You’re going to need a new marketing strategy if you want to reach the young audience


August 3, 2020

Max Pusa

Max Z

I've said multiple times in my posts, that the generation Z is going to be the main target audience for car brands in a few years or so. Today, I thought I'd write a little about how the car brands reach or could reach our generation with their commercials and where product placements are most effective.

Movies are a great place to reach the young audience

This topic came to me when I was watching the new Netflix hit film "Six Underground". The movie was an action-packed shooting film with lots of car chases, obviously made for the younger crowd. I noticed right from the start that the movie was sponsored by Alfa Romeo. The main character drove a bright lime green Alfa Romeo Giulia. This is just one example of great brand visibility that most certainly reaches its target audience. Just think about the Fast & Furious franchise.

Consequently, I believe movies are one of the ideal places for car brands to reach the younger audience. To support my claim, it’s worth mentioning that when I doublechecked the car model from Google for this text, Google automatically knew what I was looking for. That means I wasn’t the only one to search for the car’s name in that movie. In addition, there were many whole articles written about Alfa Romeo and other cars featured in this movie.

This car was used in the movie "Six Underground" in lime green

I wasn’t the only one interested about the cars in the movie

The official channels don’t cut it anymore

Many people my age, me included, don’t follow the so-called official channels. The young don’t really watch launch events or follow car brands on Twitter, but you can be sure that if anything interesting pops up, it will be noticed. Often the main source of information for the young are either their friends that talk about something new, or third-party YouTube videos on new car models. Alternatively, the cool-factor of the car is so great, that it alone is enough to reach the young crowd. That may sound vague, so let me explain.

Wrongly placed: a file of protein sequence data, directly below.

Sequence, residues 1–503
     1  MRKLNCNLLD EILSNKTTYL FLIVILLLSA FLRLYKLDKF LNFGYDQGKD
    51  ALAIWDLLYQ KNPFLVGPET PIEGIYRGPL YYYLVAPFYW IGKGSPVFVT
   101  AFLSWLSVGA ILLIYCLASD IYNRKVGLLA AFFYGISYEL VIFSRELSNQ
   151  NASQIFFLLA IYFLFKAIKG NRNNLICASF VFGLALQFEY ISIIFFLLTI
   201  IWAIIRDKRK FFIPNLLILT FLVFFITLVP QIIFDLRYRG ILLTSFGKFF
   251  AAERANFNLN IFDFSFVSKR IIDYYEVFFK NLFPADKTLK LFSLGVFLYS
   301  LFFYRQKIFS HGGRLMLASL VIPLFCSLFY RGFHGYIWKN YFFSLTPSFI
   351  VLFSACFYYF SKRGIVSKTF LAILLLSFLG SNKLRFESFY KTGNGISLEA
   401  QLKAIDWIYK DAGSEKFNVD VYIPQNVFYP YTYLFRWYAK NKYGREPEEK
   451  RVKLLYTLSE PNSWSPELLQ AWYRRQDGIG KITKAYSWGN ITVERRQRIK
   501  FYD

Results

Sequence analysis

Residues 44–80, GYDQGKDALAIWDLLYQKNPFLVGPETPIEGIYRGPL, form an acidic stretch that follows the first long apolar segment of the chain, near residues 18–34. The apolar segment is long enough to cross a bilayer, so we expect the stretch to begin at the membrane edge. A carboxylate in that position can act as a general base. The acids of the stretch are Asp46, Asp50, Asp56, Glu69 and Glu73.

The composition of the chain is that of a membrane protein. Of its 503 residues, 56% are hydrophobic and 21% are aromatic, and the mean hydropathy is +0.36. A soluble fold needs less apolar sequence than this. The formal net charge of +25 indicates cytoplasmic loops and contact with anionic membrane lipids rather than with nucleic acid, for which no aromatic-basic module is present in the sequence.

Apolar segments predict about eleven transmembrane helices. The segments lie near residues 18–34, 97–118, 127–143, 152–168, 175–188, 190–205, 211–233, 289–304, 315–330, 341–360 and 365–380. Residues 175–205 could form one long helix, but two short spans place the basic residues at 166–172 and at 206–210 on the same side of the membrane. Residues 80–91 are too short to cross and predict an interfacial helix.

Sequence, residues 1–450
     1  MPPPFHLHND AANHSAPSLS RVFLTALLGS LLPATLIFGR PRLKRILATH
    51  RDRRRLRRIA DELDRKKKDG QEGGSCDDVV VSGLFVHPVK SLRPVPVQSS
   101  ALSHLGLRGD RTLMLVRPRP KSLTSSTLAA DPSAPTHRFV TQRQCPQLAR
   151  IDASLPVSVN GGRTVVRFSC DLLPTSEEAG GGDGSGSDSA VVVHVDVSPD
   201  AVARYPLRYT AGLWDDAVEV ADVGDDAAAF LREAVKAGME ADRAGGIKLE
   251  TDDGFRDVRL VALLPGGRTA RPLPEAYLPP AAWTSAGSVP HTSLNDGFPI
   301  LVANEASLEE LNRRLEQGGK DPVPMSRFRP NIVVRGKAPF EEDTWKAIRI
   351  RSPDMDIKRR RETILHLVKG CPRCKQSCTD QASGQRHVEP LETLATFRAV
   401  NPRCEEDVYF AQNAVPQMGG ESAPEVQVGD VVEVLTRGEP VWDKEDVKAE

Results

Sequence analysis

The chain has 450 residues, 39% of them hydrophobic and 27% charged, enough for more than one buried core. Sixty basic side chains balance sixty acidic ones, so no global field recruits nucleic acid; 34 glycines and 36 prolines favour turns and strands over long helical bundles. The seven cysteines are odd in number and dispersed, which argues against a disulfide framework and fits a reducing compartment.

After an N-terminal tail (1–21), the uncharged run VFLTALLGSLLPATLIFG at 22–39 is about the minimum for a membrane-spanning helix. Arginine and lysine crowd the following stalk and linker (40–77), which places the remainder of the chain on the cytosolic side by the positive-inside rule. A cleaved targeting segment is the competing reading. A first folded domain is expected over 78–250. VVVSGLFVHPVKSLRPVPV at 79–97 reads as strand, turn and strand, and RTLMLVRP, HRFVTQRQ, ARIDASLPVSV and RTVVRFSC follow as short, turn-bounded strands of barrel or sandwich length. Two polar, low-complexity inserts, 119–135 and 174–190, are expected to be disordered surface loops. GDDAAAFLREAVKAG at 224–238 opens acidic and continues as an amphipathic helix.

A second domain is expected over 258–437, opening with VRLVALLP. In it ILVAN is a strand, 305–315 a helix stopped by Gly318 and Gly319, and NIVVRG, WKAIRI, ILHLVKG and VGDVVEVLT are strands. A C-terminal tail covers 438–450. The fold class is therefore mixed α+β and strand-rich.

How to create “hype” then?

When talking about successful marketing in the automotive industry, it’s hard not to mention Tesla. They’ve managed to create incredible hype over their cars and now their sales have gone through the roof. So, where does the hype come from?

I’ll give an example. I think many from the “older” generations have heard the mega-hit app called TikTok. Where people make short videos with music behind them… You probably know it. If you don’t, you’ve probably been living under a rock since it passed two billion downloads last spring.


Anyways, Tesla has been very visible there. And not by the company itself, but by the Telsa owners who are also using TikTok. There are countless videos of people showing off the cool features of their Tesla, taking their grandmother for a ride with the autopilot, pranking their friends with the fart feature or answering frequently asked questions such as can someone prank you by unplugging your charger and pretty much whatever you can think of. Some of the things may even sound silly to someone not familiar with the app but hey, if it works, it works. Many of the viral videos from TikTok often get reposted to Instagram and other common social media platforms, so the coverage just gets bigger and bigger. And this coverage is 100% free for Tesla, they get it just with their “cool-factor”.

No, you can’t unplug it if you don’t have the key card if you were wondering.

It’s going to be hard winning the crowds’ attention in the future

Like before, there probably won’t be more than one or two “cool” things at a time. Therefore, the brands have to compete harder than before to really reach their target audience without using millions and millions on product placement in a Fast & Furious movie. They’ll have to find new channels like Tesla conquered TikTok and shift their focus away from the traditional information channels like Twitter since they really don’t cut it anymore. They’ll have to make sure that their products have some kind of “cool” or “wow” -factor, otherwise they’ll lose their audience to more intriguing brands.

About the authors

Max Pusa

A normal 18-year-old teenager from Espoo, Finland who's currently attending the last year of high school. He’s always been a car and a motorcycle enthusiast. He's had his driver’s license for a little more than a year now and driven over forty thousand kilometers in the past year. One of his favorite hobbies is riding a motorcycle and playing different sports with his friends.

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